Is the Jeffreys' scale a reliable tool for Bayesian model comparison in cosmology?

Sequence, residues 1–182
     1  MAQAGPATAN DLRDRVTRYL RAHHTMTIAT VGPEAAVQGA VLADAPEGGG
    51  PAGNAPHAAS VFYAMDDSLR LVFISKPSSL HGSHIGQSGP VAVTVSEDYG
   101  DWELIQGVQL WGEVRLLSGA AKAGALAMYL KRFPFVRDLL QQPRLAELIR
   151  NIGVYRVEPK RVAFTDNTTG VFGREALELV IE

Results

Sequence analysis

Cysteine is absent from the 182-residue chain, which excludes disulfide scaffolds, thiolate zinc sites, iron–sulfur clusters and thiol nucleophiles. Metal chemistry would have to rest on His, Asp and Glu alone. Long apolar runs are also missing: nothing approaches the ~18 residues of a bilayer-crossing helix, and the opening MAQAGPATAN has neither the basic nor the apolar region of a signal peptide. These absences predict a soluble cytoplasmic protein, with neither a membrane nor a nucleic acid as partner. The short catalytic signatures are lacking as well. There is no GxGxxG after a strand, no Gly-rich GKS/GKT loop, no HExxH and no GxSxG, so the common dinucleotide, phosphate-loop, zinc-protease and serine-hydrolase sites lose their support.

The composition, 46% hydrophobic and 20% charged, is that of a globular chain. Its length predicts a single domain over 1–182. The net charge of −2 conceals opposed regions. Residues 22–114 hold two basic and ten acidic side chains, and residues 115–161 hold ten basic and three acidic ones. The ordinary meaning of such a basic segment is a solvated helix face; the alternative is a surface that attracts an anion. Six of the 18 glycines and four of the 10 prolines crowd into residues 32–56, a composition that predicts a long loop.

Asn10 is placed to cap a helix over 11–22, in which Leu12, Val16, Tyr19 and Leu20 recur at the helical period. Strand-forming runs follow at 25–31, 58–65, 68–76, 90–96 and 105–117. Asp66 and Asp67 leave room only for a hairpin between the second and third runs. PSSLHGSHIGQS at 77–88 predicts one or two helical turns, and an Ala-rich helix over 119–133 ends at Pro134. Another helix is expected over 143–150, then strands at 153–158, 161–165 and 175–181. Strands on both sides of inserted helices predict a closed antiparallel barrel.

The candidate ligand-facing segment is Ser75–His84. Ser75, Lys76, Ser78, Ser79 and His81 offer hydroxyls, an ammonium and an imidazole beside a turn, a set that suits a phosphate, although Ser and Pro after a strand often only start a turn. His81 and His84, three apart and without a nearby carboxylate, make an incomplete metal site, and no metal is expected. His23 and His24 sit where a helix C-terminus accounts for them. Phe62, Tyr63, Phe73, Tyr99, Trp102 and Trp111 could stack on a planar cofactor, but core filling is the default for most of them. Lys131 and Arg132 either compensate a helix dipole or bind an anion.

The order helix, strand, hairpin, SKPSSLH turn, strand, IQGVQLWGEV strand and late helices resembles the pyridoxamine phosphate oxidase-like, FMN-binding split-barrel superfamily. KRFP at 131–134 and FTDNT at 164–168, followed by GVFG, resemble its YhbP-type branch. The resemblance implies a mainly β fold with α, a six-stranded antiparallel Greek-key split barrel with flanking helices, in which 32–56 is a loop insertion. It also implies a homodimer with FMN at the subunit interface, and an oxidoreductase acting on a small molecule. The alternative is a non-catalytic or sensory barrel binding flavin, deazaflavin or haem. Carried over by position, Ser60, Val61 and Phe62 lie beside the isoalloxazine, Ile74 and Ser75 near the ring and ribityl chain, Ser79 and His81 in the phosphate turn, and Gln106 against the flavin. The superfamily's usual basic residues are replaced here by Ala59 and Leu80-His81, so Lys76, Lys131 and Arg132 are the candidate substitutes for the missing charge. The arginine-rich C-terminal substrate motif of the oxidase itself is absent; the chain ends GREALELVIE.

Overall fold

We are entering an era where progress in cosmology is driven by data, and alternative models will have to be compared and ruled out according to some consistent criterium. The most conservative and widely used approach is Bayesian model comparison. In this paper we explicitly calculate the Bayes factors for all models that are linear with respect to their parameters. We do this in order to test the so called Jeffreys' scale and determine analytically how accurate its predictions are in a simple case where we fully understand and can calculate everything analytically. We also discuss the case of nested models, e.g. one with $M_1$ and another with $M_2⊃ M_1$ parameters and we derive analytic expressions for both the Bayes factor and the Figure of Merit, defined as the inverse area of the model parameter's confidence contours. With all this machinery and the use of an explicit example we demonstrate that the threshold nature of Jeffreys' scale is not a "one size fits all" reliable tool for model comparison and that it may lead to biased conclusions. Furthermore, we discuss the importance of choosing the right basis in the context of models that are linear with respect to their parameters and how that basis affects the parameter estimation and the derived constraints.